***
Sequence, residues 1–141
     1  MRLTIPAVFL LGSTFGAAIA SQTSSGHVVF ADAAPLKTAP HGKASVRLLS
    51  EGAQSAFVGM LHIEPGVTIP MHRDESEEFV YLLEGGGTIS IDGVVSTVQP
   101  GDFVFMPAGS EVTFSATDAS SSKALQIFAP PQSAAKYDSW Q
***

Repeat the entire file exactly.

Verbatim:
Sequence, residues 1–141
     1  MRLTIPAVFL LGSTFGAAIA SQTSSGHVVF ADAAPLKTAP HGKASVRLLS
    51  EGAQSAFVGM LHIEPGVTIP MHRDESEEFV YLLEGGGTIS IDGVVSTVQP
   101  GDFVFMPAGS EVTFSATDAS SSKALQIFAP PQSAAKYDSW Q